Advertising, Steve Butler, Tootsietoy — November 1, 2010 at 12:07 am

Promotional Adaptations


Confusing, then explaining the issue seems the best way to describe what is meant by a “promotional adaptation.” This will take a number of words, so a bit of patience is needed.

“Adaptation” is the easy part and simply means using an item for a purpose other than for which it was intended. It’s the “promotional” part that can be confusing for a few reasons.

First, there’s a whole group of toy vehicles out there called “promotionals” that generally consists of model-like items specifically produced and used to promote new vehicle sales. Second, some items are produced with advertising imprints of varied types by the manufacturer as: a) standard production and retail distribution issues, or b) specifically and solely intended for the distribution by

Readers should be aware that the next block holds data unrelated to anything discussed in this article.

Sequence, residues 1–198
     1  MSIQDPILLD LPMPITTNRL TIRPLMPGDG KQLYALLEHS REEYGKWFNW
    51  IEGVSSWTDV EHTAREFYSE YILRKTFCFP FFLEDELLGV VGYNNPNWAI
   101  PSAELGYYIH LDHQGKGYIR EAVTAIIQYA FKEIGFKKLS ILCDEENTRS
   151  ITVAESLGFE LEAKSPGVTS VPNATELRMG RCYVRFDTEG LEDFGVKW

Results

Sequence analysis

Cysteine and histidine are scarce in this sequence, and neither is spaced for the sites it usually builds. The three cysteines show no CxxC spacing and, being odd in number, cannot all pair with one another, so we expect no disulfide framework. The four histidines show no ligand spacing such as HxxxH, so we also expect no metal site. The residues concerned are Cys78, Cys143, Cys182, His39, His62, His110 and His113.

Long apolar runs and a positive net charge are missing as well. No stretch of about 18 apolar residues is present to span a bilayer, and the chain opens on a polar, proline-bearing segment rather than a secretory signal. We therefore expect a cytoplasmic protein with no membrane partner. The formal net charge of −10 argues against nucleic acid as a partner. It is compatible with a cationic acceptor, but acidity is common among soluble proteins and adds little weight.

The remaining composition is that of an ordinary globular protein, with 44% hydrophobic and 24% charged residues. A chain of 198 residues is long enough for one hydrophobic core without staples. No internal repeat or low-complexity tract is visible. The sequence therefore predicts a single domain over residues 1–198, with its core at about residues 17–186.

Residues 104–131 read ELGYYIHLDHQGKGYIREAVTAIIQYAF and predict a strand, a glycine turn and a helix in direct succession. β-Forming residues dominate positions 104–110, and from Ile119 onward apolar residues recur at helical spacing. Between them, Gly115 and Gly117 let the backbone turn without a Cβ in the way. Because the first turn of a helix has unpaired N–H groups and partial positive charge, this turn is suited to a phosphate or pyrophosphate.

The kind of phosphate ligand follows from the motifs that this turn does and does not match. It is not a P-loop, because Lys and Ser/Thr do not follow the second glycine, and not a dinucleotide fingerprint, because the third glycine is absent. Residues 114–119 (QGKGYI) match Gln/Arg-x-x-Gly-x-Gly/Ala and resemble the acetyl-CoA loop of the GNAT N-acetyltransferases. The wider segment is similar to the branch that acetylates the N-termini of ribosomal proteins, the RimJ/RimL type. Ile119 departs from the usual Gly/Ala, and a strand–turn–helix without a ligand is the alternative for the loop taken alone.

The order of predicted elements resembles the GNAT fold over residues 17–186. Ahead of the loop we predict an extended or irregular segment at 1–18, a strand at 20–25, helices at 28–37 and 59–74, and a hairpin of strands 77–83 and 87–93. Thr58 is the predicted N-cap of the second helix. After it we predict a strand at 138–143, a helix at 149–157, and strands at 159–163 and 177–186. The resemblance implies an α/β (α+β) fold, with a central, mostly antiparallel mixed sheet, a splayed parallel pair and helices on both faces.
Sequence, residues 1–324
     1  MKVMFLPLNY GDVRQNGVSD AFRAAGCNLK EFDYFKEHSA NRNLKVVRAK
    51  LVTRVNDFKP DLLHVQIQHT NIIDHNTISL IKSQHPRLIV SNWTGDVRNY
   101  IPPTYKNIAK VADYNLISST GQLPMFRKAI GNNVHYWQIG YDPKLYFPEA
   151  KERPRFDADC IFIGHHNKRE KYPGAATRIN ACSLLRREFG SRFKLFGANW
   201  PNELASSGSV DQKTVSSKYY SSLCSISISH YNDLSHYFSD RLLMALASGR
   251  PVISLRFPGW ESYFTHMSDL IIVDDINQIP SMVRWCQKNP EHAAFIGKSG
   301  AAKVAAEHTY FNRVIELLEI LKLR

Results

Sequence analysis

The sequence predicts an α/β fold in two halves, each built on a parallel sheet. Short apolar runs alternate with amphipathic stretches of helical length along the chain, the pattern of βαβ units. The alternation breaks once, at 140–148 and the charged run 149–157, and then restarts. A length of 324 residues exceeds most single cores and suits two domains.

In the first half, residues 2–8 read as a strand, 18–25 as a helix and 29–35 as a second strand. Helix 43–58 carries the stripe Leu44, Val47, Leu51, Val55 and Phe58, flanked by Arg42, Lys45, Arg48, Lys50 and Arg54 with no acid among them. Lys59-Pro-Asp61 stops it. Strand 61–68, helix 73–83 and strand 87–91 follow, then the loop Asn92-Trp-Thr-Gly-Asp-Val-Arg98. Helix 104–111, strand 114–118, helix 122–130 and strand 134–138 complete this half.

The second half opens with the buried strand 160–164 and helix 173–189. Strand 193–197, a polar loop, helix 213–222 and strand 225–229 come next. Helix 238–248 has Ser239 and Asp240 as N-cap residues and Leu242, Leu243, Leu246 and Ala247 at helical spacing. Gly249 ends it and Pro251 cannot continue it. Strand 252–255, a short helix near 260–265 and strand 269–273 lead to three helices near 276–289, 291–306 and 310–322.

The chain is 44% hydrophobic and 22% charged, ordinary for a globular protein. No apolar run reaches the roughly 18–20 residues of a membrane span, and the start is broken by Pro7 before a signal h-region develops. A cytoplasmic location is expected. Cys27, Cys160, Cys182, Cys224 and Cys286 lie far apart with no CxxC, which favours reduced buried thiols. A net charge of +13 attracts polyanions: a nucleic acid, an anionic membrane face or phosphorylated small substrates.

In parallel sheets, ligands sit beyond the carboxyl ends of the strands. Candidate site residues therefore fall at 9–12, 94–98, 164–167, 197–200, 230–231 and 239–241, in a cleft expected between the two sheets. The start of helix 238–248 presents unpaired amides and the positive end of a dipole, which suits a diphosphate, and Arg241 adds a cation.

the business represented by the imprint. Finally, a designation of “private label” is given the latter (b) items which are/were ordered and made for promotional purposes.

A “promotional adaptation” is a “standard production and retail distribution issue” [see (a) above] that was adapted by, other than
the manufacturer, adding some type of advertising imprints and thereafter used for promotional purposes. Hopefully that’s clear, but if not, the following examples by Tootsietoy should help.

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